From recipe bloggers to well-intended advice from family and friends, there are a lot of opinions about food. However, one truth that can’t be ignored is that athletes need to fuel properly to maximize their performance.
When there is an imbalance between energy intake and energy expenditure, athletes risk recurrent injuries (soft tissue or bone), fatigue, mood swings, difficulty sleeping, impaired immune system, and performance plateaus or dips. This is referred to as Relative Energy Deficiency in Sports (RED-S), and simply put, RED-S occurs when athletes aren’t eating enough to keep up with their training load for an extended period of time.
Fueling doesn’t need to be complicated. Here are five ways to stay on top of your energy balance and keep improving your performance!
1. Map out your meal and snack times for the day.
We get it, food isn’t always the first thing on your mind as you’re getting ready for practice. Sometimes we need reminders to fuel up to reach a higher energy intake goal. Try writing out your day in a planner or setting alarms on your phone to avoid missing meals and snacks. Make it a goal to fuel up every 3-4 hours with a meal or snack throughout the day.
2. Supplement your meals with snacks.
It’s difficult to pack all of your energy needs into three meals, so snacks are needed for proper fueling. Aim to include a carb and a protein in each snack. The carbs will give you energy while the protein helps your body build muscle and recover. For sweets lovers, try combos like peanut butter and pretzels or yogurt and granola. If savory is more your thing, cheese and crackers or hummus and pretzels are great go-to’s.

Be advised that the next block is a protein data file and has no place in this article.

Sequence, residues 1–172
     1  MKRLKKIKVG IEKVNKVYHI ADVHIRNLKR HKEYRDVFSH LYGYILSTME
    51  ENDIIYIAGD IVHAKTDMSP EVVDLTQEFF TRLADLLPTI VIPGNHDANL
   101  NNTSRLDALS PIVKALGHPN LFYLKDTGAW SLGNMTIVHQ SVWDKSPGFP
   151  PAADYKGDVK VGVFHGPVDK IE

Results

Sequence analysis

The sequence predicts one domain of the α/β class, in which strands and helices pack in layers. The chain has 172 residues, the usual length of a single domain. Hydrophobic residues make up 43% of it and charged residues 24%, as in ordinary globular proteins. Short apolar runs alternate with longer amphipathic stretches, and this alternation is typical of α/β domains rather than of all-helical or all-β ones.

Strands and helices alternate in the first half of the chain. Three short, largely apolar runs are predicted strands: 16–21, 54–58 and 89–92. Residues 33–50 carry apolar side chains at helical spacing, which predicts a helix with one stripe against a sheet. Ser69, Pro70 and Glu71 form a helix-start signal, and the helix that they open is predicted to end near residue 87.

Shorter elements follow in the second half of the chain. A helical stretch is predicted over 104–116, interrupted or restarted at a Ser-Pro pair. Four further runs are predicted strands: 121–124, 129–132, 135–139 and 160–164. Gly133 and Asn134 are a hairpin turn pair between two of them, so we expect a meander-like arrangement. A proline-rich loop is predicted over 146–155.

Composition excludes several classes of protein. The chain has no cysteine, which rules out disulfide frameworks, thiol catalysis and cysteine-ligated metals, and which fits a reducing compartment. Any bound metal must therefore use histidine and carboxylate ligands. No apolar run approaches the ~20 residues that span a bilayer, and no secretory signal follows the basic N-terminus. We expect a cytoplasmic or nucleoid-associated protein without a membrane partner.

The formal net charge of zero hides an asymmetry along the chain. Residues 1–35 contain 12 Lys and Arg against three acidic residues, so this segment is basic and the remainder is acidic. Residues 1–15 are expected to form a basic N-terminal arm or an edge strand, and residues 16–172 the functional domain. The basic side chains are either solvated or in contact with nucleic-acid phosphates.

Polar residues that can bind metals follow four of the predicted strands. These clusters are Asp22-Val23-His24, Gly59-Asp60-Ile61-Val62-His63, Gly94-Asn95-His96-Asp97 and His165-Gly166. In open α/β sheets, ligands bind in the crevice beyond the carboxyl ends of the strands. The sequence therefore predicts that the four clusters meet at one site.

3. Recognize that your energy needs may be different than your teammates.
That’s right, you and your teammates may have different energy requirements, and that’s okay! You have different body compositions, height, weight, genetics, and medications that make your body different from theirs. Don’t let comparison sway how you fuel YOUR body.
4. Use the low, moderate, and high training plates shown below as a visual guide for mealtimes.
The training plates vary based on training intensity. As your training load increases, be mindful to increase energy intake from carbohydrates like pasta, rice, breads, potatoes, legumes, and cereals.
5. Prioritize rest and recovery.
Rest days are equally as important as your training days, so give your body time to fully recover to ensure you are getting the most out of your training. Even on rest days, remember to fuel with three meals and snacks in between.
If you are concerned about RED-S or have questions about your nutrition, meet with one of our Sports Dietitians to empower your fueling strategy and optimize your performance!